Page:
From the time that Parmigianino first used an etching needle in the 1520s, Italian artists were noted for their distinctive approach to this new printmaking technique. Drawing on Copper: Etching in Italy before 1700, on view in the Director's Corridor of the Philadelphia Museum of Art from April 19 through July 19, 1998, presents 71 works dating from the 16th and 17th centuries, including prints by Annibale Carracci (1560-1609), Parmigianino (1503-1540), and Giovanni Benedetto Castiglione (1609- c. 1665).
Etching developed as a printmaking technique in Italy simultaneously with a growing interest in the rough sketch. Sixteenth-century collectors and scholars regarded unfinished drawings as immediate expressions of the artist's creative and intellectual processes. In keeping with the artistic preferences of the period, early Italian etchings are characterized by this same feeling of spontaneity. Theorists such as Leonardo da Vinci saw the scribbled sketch as an important source of new ideas. This predilection is evident in the rough, sketch-like etchings of Giovanni Pietro Possenti (active c. 1638-1659) and Giovanni Cesare Procaccini (1574-1625). These ideas would also have contributed to the willingness of Italian etchers to leave evidence of the creative process (including mistakes) in the final state of the print.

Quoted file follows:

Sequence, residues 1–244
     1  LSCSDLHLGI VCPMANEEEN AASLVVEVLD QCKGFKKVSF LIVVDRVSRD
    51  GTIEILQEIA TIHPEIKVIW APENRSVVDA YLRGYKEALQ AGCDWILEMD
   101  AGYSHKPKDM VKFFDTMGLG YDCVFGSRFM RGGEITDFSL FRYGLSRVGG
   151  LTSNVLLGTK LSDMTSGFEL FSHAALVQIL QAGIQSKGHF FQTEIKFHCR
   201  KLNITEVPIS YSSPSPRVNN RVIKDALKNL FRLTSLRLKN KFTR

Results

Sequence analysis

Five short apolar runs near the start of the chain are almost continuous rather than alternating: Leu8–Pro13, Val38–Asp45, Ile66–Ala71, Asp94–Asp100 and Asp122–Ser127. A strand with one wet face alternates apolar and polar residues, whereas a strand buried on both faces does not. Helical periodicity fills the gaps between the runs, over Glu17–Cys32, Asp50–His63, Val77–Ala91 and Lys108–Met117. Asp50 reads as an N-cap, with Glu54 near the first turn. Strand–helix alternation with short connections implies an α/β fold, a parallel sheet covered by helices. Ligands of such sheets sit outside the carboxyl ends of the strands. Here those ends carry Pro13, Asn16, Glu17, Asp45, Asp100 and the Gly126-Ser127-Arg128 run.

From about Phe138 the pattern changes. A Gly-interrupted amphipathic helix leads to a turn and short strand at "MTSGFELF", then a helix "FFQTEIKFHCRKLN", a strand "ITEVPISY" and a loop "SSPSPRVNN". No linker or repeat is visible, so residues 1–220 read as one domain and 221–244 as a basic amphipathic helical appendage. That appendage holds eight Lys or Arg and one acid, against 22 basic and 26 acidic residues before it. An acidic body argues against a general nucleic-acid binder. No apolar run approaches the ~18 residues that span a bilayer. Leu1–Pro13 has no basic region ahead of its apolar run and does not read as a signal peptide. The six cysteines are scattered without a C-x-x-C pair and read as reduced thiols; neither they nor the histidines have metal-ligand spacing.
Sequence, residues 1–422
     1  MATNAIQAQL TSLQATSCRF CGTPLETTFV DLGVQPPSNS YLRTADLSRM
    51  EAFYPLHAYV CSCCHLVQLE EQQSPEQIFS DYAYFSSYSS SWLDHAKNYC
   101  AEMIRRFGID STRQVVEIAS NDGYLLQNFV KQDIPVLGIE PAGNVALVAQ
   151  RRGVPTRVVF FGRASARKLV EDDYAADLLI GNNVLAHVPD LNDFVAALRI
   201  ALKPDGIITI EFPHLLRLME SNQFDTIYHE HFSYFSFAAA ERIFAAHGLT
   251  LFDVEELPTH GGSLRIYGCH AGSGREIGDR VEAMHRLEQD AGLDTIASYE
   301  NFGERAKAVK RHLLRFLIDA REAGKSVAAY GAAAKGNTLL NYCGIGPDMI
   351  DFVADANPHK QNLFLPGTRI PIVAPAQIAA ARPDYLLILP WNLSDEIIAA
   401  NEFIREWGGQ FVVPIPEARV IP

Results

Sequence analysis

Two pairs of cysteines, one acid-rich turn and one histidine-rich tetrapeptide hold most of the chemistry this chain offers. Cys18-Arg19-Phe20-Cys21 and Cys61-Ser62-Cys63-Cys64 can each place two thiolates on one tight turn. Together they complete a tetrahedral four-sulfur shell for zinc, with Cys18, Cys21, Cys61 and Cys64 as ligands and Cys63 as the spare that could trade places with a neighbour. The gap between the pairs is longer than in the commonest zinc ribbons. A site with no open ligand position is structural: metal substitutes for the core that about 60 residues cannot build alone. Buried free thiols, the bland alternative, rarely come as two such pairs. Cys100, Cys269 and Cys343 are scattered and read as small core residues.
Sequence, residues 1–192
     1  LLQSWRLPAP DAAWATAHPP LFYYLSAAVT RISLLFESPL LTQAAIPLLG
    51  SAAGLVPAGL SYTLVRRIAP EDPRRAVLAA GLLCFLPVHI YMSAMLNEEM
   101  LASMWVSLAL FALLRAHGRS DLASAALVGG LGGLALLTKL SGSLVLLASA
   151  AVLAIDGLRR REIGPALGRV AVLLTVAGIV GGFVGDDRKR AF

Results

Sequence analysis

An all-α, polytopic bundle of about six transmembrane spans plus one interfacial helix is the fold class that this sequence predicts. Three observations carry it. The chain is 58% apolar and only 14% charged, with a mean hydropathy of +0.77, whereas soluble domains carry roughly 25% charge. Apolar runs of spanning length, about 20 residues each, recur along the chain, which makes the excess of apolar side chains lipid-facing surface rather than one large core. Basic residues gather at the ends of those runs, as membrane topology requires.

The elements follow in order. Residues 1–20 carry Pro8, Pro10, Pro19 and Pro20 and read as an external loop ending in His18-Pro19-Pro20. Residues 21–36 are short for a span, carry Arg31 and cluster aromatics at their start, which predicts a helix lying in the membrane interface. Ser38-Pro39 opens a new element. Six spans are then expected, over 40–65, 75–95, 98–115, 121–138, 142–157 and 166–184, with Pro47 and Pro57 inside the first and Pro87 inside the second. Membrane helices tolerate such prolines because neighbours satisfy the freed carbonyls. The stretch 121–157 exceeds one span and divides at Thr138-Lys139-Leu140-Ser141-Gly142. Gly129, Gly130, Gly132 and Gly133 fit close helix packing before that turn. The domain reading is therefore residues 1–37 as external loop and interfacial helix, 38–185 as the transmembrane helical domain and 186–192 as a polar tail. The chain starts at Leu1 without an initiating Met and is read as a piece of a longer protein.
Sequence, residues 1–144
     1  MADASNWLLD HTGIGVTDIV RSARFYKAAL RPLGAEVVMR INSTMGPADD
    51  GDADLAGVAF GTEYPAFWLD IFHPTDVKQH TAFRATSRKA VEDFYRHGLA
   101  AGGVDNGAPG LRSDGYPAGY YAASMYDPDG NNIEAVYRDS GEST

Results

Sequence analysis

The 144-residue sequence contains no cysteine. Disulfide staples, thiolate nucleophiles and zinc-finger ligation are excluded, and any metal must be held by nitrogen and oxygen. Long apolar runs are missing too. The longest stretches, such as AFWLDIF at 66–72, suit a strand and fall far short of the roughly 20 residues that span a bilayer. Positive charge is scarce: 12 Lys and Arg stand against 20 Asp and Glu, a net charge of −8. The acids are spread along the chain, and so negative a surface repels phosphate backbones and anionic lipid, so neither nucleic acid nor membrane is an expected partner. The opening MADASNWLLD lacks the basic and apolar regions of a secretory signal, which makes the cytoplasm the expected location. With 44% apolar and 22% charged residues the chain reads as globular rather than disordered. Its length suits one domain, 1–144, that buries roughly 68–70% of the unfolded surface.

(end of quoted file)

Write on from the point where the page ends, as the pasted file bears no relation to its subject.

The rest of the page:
Italian etching of the 16th and 17th centuries is also marked by a sense of experimentation. Painters, who needed little additional training in order to take up etching, often explored the technique. Experienced etchers were eager to try new approaches, and worked with varying types of metal plates, chemical tones and colored papers. As experiments, these works were often considered to be failures by their makers, and are extremely rare and now highly sought after. Drawing on Copper includes etchings by Sebastiano Ricci (1659-1734), Angiolo Falconetto (active c. 1555-1567), and Andrea Previtali (c. 1480-1528) that relay a great deal about the artists' creative methods.
Nearly all the etchings in Drawings on Copper are on view at the Museum for the first time and were part of over 42,000 works in the Muriel and Philip Berman Gift of European Prints, which was acquired in 1985 from the Pennsylvania Academy of the Fine Arts. The Berman Gift was, in turn, drawn mainly from the collection given to the Academy by John S. Phillips, a Philadelphian who died in 1876. The Berman Gift is unusually rich in early impressions and rare examples of Italian Renaissance and Baroque etching.